Explore The Shape, Curved Swords, and more!

Wavy-bladed rapiers were a Renaissance staple. Flammard fanciers mistakenly believed that this undulating design could inflict deadlier wounds. The shape did provide one genuine dueling advantage, though: When an opponent’s sword ran across one, those curves would slow it down.

10 of History’s Most Terrifying Swords

Imperial Sword, Holy Roman Empire (late 11th c.; sheath made in Germany).

Imperial Sword, Holy Roman Empire (late c. sheath made in Germany).

Beautiful gold damascened sword facing in the Italian Mannerist taste and perhaps inspired by drawings of Filippo Orsini Mantua around the nineteenth century.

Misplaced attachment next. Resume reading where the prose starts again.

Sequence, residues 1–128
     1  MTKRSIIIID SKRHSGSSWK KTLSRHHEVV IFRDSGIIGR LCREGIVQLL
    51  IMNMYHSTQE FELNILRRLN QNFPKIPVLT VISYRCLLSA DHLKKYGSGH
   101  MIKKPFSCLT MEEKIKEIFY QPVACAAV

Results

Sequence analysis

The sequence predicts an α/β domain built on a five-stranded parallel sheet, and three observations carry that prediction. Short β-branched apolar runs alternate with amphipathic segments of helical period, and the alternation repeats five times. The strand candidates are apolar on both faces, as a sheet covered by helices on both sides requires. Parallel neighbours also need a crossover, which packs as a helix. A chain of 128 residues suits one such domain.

This is a gorgeous sword that reminds me vaguely of the sword that originally belonged to Edmund Blane. Blane's sword was made to his distinct liking. After being made he had a child with Marjory Cooper and sacrificed their child. He bathed the sword in their child's blood giving it immense power.

This reminds me of the sword fight between Hamlet and Laertes. The blade stained with royal blood was originally dipped in poison for Hamlet, however it was also used to kill Laertes and Claudius.

Indian sword, 18 century

Sapola, very rare Indian sword. This example dates to the end of the century and is of Tulwar/Tegha form with a strong robust blade with split tip and serrated edges to the cutting curve and the rear Kilij style yelman.

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